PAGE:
Among those who supported a convention were former Chief Judge Jonathan Lippman and Democratic donor Bill Samuels, who put more than $300,000 toward his campaign supporting a "yes" vote. Supporters said it was an opportunity to push for reform in New York, from reshaping the state's court system to advancing rights for clean air and water.
In a statement, Samuels said the vote was a "triumph for all of the enemies of reform in New York."
"As for the groups that spent so many millions of dollars pushing for a NO vote, the burden now falls upon them to prove that they can actually bring about positive change in Albany through the legislative process and to demonstrate the capacity not just to scare New Yorkers, but to empower them," he said.
Question No. 2: Pension forfeiture
In 2011, New York lawmakers approved a law allowing judges to strip corrupt elected officials of their pension benefits if the official is convicted of a felony.
But that law only applies to those who were elected after 2011. For it to apply to all elected officials and top appointees, Question No. 2 needed to be approved.
The proposal alters the state constitution, which currently says that pension benefits cannot be diminished after an employee enters public service. The change will apply to elected or appointed officials convicted of a felony directly related to their job.
Ultimately, it would be up to a judge to decide whether to strip or diminish their pension.
The amendment applies to crimes committed after Jan. 1, 2018.
At least 14 former state lawmakers convicted of a felony currently collect a state pension, according to records from the state Comptroller's Office.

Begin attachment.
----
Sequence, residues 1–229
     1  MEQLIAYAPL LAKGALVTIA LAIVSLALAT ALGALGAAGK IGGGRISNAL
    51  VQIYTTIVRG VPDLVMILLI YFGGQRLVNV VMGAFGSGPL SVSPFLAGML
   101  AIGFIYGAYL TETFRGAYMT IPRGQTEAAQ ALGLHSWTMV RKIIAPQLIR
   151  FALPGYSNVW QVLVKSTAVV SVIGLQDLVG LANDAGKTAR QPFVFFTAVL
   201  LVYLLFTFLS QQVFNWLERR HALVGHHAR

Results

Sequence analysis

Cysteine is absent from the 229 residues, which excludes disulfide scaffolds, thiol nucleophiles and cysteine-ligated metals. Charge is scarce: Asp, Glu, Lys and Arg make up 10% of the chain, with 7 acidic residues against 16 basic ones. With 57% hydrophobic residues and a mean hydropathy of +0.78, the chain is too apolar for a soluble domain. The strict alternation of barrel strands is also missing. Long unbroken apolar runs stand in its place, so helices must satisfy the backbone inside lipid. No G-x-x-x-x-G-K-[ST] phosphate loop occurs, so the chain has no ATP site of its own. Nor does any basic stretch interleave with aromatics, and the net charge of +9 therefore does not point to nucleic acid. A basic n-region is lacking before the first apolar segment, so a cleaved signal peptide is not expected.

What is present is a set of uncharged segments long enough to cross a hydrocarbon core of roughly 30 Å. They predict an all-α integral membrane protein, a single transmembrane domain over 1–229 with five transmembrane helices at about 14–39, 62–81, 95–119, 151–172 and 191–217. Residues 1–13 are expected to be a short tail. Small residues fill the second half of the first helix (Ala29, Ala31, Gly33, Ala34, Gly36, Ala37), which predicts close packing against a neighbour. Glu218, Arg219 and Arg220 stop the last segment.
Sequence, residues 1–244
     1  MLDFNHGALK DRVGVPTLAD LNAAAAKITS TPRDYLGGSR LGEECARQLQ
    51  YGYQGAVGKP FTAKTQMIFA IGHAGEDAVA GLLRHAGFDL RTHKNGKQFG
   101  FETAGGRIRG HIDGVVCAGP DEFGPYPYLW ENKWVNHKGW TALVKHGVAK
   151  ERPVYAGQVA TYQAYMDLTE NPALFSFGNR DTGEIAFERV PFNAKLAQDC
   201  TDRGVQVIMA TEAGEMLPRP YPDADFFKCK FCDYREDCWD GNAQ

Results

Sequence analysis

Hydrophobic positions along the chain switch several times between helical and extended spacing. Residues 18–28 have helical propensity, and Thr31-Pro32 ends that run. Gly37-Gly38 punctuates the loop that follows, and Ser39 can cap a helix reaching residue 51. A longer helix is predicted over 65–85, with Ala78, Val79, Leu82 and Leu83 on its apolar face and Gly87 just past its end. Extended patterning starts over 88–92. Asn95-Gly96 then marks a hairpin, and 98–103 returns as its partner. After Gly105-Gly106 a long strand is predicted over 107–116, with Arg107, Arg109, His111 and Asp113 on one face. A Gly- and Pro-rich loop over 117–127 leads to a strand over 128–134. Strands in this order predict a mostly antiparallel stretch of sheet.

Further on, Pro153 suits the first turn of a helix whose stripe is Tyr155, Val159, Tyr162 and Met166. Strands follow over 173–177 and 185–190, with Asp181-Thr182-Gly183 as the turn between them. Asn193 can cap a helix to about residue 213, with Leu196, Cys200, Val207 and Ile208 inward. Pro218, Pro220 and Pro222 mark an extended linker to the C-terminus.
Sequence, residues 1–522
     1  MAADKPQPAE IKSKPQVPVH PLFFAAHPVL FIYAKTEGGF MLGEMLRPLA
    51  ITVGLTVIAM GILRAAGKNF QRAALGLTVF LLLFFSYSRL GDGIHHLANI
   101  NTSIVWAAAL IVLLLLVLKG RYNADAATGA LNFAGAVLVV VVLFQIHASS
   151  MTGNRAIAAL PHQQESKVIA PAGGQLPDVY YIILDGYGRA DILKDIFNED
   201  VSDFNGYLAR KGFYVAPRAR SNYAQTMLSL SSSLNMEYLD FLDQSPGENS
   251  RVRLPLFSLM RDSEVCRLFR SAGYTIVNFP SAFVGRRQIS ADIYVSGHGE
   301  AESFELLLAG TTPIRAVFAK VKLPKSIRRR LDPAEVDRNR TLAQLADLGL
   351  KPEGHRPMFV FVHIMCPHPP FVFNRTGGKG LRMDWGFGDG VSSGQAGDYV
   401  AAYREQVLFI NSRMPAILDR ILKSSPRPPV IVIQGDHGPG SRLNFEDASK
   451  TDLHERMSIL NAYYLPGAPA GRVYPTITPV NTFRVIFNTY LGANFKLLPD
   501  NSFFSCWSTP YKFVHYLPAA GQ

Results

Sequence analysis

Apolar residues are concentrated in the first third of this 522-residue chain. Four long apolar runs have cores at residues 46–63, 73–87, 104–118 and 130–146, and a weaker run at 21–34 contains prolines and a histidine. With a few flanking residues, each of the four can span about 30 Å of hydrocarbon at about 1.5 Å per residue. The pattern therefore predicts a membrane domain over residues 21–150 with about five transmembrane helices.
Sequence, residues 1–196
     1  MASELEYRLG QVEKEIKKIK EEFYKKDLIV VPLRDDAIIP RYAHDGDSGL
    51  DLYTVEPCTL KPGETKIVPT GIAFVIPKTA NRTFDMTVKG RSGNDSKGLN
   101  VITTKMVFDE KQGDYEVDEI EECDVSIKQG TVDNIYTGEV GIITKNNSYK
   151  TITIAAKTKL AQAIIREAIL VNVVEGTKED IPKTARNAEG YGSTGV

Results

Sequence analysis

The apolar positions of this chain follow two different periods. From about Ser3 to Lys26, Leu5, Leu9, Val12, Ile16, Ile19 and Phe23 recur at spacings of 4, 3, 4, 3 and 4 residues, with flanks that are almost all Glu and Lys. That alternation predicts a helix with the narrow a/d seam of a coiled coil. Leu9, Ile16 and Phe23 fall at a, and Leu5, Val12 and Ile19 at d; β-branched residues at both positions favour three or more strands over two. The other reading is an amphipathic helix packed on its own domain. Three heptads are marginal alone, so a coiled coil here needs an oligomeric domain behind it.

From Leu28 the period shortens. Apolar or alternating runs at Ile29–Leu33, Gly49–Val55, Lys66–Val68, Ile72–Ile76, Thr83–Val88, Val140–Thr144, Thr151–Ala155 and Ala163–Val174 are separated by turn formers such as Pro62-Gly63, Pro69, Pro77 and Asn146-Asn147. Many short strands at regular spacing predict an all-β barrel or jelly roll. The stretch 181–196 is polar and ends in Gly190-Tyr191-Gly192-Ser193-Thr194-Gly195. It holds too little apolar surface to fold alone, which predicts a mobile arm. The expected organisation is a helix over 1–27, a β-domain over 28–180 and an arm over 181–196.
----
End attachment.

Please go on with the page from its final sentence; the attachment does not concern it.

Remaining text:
Question 3: Adirondack and Catskill land bank
New York's constitution contains a "Forever Wild" provision that protects the Adirondack and Catskill forest preserves, keeping them "forever wild as forest lands" while preventing the sale of the land and protecting against tree felling.
As it stands, the only way around that -- for, say, the construction of a new road or bridge -- is by approving a constitutional amendment for a specific project.
The proposal would change that, allowing Adirondack and Catskill towns and villages to undertake infrastructure problems that improve the health and safety of their town with state approval.
As of 10 p.m., the ballot proposal was too close to call, with 44 percent of voters supporting it and 44 percent opposed.
The state, meanwhile, would have to purchase 250 acres of forest land for a land bank to offset any land lost in the infrastructure projects.
The proposal had wide support from environmental groups across the state and Adirondack boosters, who say it will make it easier to repair roads and bridges and install the type of infrastructure needed to expand broadband Internet access.
Some oil and natural-gas interests raised concerns about a provision that exempts fossil fuel pipelines from being included. For a new oil or gas pipeline, a project-specific constitutional amendment would still be needed if the proper state and federal approvals weren't in place by June 2016.